The key to price reduction.
Medical care, Cost of (Control)
Cost control (Methods)
|Publication:||Name: Journal of American Physicians and Surgeons Publisher: Association of American Physicians and Surgeons, Inc. Audience: Academic Format: Magazine/Journal Subject: Health care industry Copyright: COPYRIGHT 2012 Association of American Physicians and Surgeons, Inc. ISSN: 1543-4826|
|Issue:||Date: Spring, 2012 Source Volume: 17 Source Issue: 1|
|Topic:||Event Code: 200 Management dynamics Computer Subject: Cost reduction; Company business management|
|Product:||Product Code: 6322000 Medical Care Insurance; 6320000 Accident & Health Insurance; 9915140 Cost Control Techniques NAICS Code: 524114 Direct Health and Medical Insurance Carriers; 5241 Insurance Carriers SIC Code: 6321 Accident and health insurance|
|Geographic:||Geographic Scope: United States Geographic Code: 1USA United States|
Health plans are expensive because medical care is expensive. The
increasing sea of bureaucratic regulations and an entitlement Mentality
have put a chokehold on true market competition.
Will shopping across state lines for insurance fix that? It's a nice Sound bite and will allow the insurance buyers to avoid some of their own home state mandates, but the biggest contributor to the cost of a health plan is the underlying cost of the medical care it finances. Only when there is competition and transparency can costs of care decrease, and costs of health insurance follow.
During the year-long debate before the enactment of the Patient Protection and Affordable Care Act, I did not hear one person ask Why medical care is so expensive. Commentators barely even asked why health insurance was expensive, but if 85 percent of the premium for health insurance must be paid out in medical costs, with the new medical loss requirement, and we have not addressed the cost of medical care, then insurance premiums will continue to rise at an unsustainable rate, and even accelerate. Enacting health insurance reform with out addressing the cost of medical care is like putting a new roof on a building that crumbled in an earthquake.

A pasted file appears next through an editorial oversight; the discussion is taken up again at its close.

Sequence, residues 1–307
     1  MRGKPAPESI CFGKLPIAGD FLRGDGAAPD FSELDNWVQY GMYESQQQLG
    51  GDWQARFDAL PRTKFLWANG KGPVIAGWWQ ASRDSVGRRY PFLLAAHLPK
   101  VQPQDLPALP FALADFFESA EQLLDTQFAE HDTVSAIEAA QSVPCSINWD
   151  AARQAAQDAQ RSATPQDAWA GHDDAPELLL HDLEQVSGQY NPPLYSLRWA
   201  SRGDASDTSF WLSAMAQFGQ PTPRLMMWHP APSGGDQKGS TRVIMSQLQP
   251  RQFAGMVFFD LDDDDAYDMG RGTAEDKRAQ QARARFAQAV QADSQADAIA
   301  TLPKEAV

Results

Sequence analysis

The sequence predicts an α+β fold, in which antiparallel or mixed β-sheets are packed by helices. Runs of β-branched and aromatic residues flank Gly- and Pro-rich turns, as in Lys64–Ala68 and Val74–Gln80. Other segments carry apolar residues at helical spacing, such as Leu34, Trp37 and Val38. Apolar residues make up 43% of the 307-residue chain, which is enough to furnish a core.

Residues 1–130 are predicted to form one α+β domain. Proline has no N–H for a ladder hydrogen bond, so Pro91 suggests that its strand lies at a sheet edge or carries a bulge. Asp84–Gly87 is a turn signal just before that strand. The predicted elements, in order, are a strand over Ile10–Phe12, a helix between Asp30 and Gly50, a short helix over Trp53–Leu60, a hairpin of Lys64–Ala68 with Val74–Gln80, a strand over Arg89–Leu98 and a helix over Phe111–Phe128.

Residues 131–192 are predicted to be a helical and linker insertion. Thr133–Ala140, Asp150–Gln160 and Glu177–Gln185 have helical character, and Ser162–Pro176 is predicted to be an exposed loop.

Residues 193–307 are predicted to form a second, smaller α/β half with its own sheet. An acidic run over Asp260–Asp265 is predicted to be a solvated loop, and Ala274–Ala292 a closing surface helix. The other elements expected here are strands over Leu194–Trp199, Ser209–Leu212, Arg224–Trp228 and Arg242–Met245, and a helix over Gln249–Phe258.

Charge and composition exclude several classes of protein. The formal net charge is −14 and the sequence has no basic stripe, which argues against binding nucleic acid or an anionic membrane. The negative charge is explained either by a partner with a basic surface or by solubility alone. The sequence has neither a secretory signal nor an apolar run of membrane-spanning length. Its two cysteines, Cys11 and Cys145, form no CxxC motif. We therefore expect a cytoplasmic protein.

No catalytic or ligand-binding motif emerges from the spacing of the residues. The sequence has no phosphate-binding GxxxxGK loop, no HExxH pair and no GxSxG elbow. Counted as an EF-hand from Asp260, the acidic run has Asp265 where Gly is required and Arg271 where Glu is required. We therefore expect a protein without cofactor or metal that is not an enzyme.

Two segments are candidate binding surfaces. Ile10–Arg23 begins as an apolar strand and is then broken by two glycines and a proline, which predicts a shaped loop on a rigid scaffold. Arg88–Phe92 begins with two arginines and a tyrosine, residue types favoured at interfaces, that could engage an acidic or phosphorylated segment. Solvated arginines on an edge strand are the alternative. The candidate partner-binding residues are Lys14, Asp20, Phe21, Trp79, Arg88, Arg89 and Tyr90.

The Role of Federal Price Fixing
The problem starts with a federal agency called the Centers for Medicare and Medicaid Services (CMS). This sets allowable charges for some 14,193 medical procedures (including modifiers). The method, like most government accounting, is based on a complex, arcane formula, which is tied to the elusive codes called Current Procedural Terminology (CPT) codes. The AMA produces and constantly revises the codes, and a secretive committee known as the RUC (the AMA/Specialty Society Relative Value Scale Update Committee) supplies "relative values" for them. AMA then collects licensing fees for these codes from all users, including doctors, hospitals, and insurance billing services.
Altogether, the AMA receives annual income estimated from examination of its IRS form 990 and its annual financial report (1) to be around $72 million from royalties and products related to these codes, and this amount increased by several million dollars between 2009 and 2010. Insurance companies then use the CPT codes and the Medicare reimbursement rates as a starting point in determining what they should cover and how much they should pay.
In any business model where prices are fixed and paid by a third party at an arbitrarily determined rate, the patient ("consumer") and doctor ("provider") both have an incentive to consume or to perform more services than may be needed in order to gain maximum benefit. Government programs and third-party insurance have become entitlements, rather than indemnity programs. As an alternative, patients could travel to Kansas for a bunionectomy, to New Jersey for a knee replacement, or to Oklahoma for a coronary artery bypass graft, and if you allow doctors and hospitals to compete across state lines with their own rates, then you will achieve fair market rates and sustainable costs.